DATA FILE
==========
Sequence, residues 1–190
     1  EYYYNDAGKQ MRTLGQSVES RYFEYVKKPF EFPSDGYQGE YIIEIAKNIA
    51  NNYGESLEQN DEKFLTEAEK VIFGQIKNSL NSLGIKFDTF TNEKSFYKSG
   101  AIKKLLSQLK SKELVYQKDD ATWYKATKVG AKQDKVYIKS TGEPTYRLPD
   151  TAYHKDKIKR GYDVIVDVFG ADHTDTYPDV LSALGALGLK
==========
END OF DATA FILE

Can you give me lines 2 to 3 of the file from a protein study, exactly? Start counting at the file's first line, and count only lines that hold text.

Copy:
     1  EYYYNDAGKQ MRTLGQSVES RYFEYVKKPF EFPSDGYQGE YIIEIAKNIA
    51  NNYGESLEQN DEKFLTEAEK VIFGQIKNSL NSLGIKFDTF TNEKSFYKSG